In December, Aspen Words announced the longlist for the sixth annual Aspen Words Literary Prize, a $35,000 award recognizing a work of fiction that addresses a vital social issue. The selected books explore the climate crisis, racism, xenophobia, and mental health, and feature a range of dynamic voices. While the jury works on selecting a shortlist, Aspen Words chatted with the nominees about their work, how they view their role as a writer in this cultural and political moment, and the best piece of writing advice they’ve received.
Fatimah Asghar is a poet, filmmaker, educator, and performer. She is the writer and co-creator of Brown Girls, an Emmy-nominated web series that highlights friendships between women of color. When We Were Sisters traces the intense bond of three orphaned siblings who, after their parents die, are left to raise one another. The book examines the bonds and fractures of sisterhood, names the perils of being three Muslim American girls alone against the world, and illustrates how those who’ve lost everything might still make homes in one another.
What perspectives or beliefs are you trying to challenge with your book?
There is so much literature and art in the western canon that’s about orphaning. It’s alluring: orphaning; the idea that from nothing, with everything stacked against you, you were able to make a life for yourself. I think particularly in the warped sense of the American Dream, orphaning is particularly alluring. This entire nation is founded on the lie that an orphaned people came to this uninhabited land and pulled themselves up by their bootstraps, that being born into a kind of nothingness and a kind of grief allows you to chart out a survival that deserves applause.
As an actual orphan, I often found those narratives disenchanting and like they felt so far from the lived reality that I knew. So these kids go through all this trauma and then are able to create healthy relationships when they’re older? That just doesn’t feel fully realistic. And so I really wanted to challenge that by getting into the minutia of these ordinary orphans: what does the strain look like on their own relationships when they have to raise each other? What does it mean to build love when there aren’t a lot of healthy models around you? What does it mean to build a life after so much early grief has happened?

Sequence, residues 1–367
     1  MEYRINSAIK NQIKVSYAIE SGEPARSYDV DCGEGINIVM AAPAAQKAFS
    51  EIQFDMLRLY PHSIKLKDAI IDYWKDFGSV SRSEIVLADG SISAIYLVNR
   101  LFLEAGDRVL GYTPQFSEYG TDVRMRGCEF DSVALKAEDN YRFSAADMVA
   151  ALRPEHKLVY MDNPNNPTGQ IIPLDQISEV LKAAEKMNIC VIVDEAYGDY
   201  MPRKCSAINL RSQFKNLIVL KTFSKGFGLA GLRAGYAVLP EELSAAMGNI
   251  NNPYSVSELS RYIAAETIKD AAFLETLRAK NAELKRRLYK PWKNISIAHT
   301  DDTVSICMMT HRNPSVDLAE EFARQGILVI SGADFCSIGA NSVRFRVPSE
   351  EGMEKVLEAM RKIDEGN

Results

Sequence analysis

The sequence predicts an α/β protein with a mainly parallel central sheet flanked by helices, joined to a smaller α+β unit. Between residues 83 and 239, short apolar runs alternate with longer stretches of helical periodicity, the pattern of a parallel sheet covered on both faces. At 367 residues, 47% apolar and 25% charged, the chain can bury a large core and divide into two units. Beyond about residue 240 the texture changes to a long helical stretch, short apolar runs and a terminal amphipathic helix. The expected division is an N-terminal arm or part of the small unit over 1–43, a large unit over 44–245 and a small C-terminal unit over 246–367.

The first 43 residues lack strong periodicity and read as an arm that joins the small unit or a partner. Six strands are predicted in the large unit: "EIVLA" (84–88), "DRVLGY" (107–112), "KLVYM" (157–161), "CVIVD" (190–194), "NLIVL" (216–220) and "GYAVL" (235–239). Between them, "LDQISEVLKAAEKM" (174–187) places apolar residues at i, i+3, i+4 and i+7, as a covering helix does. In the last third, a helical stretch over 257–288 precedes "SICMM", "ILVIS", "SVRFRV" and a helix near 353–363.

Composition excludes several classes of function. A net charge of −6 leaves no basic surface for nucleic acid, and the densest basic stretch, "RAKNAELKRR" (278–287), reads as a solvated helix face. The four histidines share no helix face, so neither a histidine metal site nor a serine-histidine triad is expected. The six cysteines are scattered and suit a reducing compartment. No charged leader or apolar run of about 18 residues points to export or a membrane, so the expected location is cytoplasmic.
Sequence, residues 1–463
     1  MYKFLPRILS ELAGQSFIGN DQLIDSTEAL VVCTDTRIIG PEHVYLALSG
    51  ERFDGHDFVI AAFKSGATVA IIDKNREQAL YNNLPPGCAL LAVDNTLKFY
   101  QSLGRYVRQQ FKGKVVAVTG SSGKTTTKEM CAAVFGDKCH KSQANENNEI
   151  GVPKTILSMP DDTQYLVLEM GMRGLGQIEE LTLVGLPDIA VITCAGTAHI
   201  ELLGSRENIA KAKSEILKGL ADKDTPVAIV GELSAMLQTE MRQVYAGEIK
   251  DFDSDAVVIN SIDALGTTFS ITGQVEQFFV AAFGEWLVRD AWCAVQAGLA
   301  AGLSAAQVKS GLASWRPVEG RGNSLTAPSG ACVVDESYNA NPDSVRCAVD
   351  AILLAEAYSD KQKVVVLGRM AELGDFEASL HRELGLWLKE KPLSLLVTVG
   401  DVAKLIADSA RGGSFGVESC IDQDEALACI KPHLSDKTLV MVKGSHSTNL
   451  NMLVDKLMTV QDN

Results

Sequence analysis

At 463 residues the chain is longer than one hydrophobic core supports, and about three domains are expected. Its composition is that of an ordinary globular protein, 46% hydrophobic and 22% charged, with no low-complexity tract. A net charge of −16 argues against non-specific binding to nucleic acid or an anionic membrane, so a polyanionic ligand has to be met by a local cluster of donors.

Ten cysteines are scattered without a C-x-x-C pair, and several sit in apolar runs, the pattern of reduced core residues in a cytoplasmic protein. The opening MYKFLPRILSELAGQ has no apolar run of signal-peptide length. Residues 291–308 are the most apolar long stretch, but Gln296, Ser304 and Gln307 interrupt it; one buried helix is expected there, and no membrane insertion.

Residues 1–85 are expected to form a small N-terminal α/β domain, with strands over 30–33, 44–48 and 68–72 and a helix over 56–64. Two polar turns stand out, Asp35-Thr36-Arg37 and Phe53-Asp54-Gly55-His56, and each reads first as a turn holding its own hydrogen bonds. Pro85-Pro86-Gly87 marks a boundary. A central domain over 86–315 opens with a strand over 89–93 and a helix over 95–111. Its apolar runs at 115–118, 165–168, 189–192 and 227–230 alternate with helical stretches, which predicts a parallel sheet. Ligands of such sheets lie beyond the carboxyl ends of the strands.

Can you share an experience that taught you the power of language?
There are so many things that have made me really experience the power of language. For me, when I’ve experienced things that are particularly traumatic, it’s been really hard for me to actually name them, discuss them, or write them. For a long time, I didn’t tell anyone that I was an orphan precisely because of that—I wouldn’t talk about my parents at all, or just would kind of sidestep any conversation that really had to do with my upbringing. I think that severely impacted my ability to form relationships because it was so hard to name some of the tightness around my heart and to let people in. Slowly, over time, I started to name those things. But the way that I named them was through poetry, through language that felt like it so deeply needed to escape me. And through that process, I felt a deep transformation happening to me—that through the naming, I was able to make sense of the world around me and the world within me, and I could carve a small place for myself.